Still Stinging

Monday April 23rd, 2012 – Fox Lake, IL/Milwaukee, WI

   The bitter sting of the overabundance of chairs without buttocks occupying them at Shank Hall in Milwaukee last night still hasn’t gone away, and I doubt it ever totally will. It bothers me a lot, even though I know it shouldn’t. The worst part is, I didn’t do any of it for me. It was for others.

I really felt I owed it to Cardell to let him have his night. He and my father both were born and died in the same year, as did Saddam Hussein of all people. Now there’s an unlikely trio. One of these things is not like the other. Saddam and my father spent their lives polluting the world with their mildewed karma, spewing tainted selfish energy. But both of them died with little suffering.

Then a Cardell comes along and lifts up everyone in his path, but gets dementia and spends his last days in a rickety old nursing home in the heart of the ghetto. That’s not right, even if I’m not the one making the rules – and I’m not. Why do the biggest bastards in life always bail out at the end unscathed, but a good guy like Cardell suffers like a dog and doesn’t get the credit he’s due?

If anyone earned respect and the right to have a tribute years after his passing, it was C. Cardell Willis. He was a true mensch. But after six months of solid work, all I could manage to rustle up were 80 people who would show up in his honor. All they had to do was sit and enjoy a comedy show, which I don’t find to be all that difficult. I don’t see why the joint wasn’t packed in tight.

I’m especially disappointed that the young comics in town didn’t show up for this. Jason Evans was very kind to help spread the word with his website and I’m grateful for his support. He’s a student of the game, and is trying to also be a performer himself. He couldn’t have been any nicer and more supportive, but as for the rest – they totally blew the evening off.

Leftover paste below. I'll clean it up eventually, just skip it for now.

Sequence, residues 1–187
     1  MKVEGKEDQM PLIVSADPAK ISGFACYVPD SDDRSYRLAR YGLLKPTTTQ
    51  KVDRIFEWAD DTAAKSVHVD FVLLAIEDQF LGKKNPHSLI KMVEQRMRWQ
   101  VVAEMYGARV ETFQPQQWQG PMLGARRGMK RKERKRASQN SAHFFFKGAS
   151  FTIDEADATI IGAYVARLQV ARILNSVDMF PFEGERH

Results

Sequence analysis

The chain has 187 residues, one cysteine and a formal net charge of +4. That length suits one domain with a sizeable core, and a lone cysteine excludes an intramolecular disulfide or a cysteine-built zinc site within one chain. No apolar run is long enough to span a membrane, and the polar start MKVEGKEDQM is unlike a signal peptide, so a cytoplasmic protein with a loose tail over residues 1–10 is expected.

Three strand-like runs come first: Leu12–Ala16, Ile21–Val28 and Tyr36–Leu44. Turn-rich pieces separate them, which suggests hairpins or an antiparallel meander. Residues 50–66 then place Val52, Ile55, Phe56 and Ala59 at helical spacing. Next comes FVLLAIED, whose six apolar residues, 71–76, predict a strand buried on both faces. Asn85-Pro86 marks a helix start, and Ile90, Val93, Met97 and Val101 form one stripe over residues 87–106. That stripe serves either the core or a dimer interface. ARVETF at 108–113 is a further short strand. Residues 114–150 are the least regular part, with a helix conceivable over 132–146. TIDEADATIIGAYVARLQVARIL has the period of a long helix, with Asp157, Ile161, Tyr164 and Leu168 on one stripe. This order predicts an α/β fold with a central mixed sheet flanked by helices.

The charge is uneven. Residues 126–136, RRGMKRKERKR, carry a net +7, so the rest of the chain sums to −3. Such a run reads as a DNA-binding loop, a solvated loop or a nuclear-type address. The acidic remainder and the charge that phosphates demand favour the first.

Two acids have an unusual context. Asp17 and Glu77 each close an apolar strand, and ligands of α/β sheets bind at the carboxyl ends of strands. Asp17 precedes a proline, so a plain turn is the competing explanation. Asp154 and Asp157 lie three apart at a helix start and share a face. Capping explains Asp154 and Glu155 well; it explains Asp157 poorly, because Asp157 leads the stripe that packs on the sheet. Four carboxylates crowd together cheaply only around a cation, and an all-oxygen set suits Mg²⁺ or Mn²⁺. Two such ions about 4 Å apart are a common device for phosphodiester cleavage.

I’ve done some favors for quite a few of them, and tried to be the supportive mentor figure that Cardell was to our generation of comedians. His favorite phrase was always ‘Pay it forward’ and that’s what I’ve always tried to do. I was hungry to learn, and also hungry to help. I don’t get that feeling from many others, and I think it stinks. I don’t make the rules, but I still think it’s wrong.

But what does it matter what I think? Not much. No. Not true. Not a damn thing. All anybody can do is their best, and I’m trying to do exactly that. My faults are glaring and many, but at least I have a heart and some passion about what I’m doing. Or I thought I did. Now I’m just drifting.

I got a call today from Mark Gumbinger asking if I wanted a free ticket to the Brewers game at Miller Park. I didn’t really want to go, but I said yes hoping it would help me forget my troubles for a couple of hours. It didn’t work. It was fun to hang with the guys, but I wrestled with all this.

What the hell am I going to do with myself now? I spent months getting that show put together because I felt it was the right thing to do. I did it exactly how I’d want it done for me if someone were going to remember me after I’m gone. I gave it all I had, but it feels like it was a tank job.

But if one of the Kardashian’s boobs happens to wander out of her bikini, there’d be reports on the hour from every radio station and TV network in North America. They’d call in Geraldo, Dr. Phil and CNN, and Nancy Grace would talk about it for weeks. How did I end up on this planet?


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